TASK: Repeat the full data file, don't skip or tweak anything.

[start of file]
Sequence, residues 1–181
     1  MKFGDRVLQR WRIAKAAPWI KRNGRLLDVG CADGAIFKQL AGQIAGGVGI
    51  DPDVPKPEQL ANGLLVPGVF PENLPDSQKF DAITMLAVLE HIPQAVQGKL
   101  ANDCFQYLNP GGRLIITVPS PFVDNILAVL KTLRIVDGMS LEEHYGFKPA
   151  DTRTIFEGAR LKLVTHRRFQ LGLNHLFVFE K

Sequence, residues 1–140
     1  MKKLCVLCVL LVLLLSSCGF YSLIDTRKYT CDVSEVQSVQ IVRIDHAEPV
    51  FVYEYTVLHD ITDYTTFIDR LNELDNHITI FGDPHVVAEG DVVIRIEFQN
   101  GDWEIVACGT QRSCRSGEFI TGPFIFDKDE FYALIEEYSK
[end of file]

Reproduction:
Sequence, residues 1–181
     1  MKFGDRVLQR WRIAKAAPWI KRNGRLLDVG CADGAIFKQL AGQIAGGVGI
    51  DPDVPKPEQL ANGLLVPGVF PENLPDSQKF DAITMLAVLE HIPQAVQGKL
   101  ANDCFQYLNP GGRLIITVPS PFVDNILAVL KTLRIVDGMS LEEHYGFKPA
   151  DTRTIFEGAR LKLVTHRRFQ LGLNHLFVFE K

Sequence, residues 1–140
     1  MKKLCVLCVL LVLLLSSCGF YSLIDTRKYT CDVSEVQSVQ IVRIDHAEPV
    51  FVYEYTVLHD ITDYTTFIDR LNELDNHITI FGDPHVVAEG DVVIRIEFQN
   101  GDWEIVACGT QRSCRSGEFI TGPFIFDKDE FYALIEEYSK